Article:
That would mean that if APD Lifecare needed to borrow money in the future to finance expansion, renovation or other items, it would do so as a housing enterprise, and wouldn’t be able to rely on assets or cash flow from health care operations to reassure lenders or creditors.
The opening of Harvest Hill added a very viable option for local residents who could afford it, said Lee Hammond, a former state representative from Lebanon whose 104-year-old mother has lived in Harvest Hill since before its official opening date. “I just am hopeful that it will continue to function much as it has,” he said.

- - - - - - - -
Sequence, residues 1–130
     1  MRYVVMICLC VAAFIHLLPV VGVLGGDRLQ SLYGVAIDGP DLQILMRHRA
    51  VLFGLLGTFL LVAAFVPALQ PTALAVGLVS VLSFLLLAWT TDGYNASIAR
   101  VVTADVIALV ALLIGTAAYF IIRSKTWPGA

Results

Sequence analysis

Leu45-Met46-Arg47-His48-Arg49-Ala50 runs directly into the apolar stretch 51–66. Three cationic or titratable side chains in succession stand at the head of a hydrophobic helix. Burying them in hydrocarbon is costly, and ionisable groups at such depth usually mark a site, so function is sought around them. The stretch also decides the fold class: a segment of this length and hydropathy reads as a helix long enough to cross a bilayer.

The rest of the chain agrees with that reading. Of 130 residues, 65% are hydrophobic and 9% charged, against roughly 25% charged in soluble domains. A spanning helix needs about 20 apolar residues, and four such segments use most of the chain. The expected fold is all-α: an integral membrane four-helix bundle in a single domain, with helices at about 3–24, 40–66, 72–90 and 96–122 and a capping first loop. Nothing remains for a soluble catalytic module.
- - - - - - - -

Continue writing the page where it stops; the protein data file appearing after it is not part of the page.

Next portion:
Todd Miller, the chief executive of APD Lifecare, said that the “board of trustees … is committed to ensuring the long-term future” of the housing enterprise.
That’s important, according to Hammond. “For local residents, it’s offered a very viable place for them to go if they can afford it,” Hammond said. Not everyone can, he added: “I couldn’t afford to go there as a retired teacher.”
This year Harvest Hill shifted its business model to match norms in the assisted-living sector. New residents no longer pay an upfront occupancy fee, but monthly fees were increased substantially, and now range from $2,927 to $9,620, according to a price sheet provided by Miller.
The changeover at Harvest Hill temporarily exacerbated financial pressures at APD Lifecare, and the enterprise is expected to face continuing challenges for about three years, according to Crosby. At that point, operating and cash flow projections show that APD Lifecare should be back on solid ground, she said.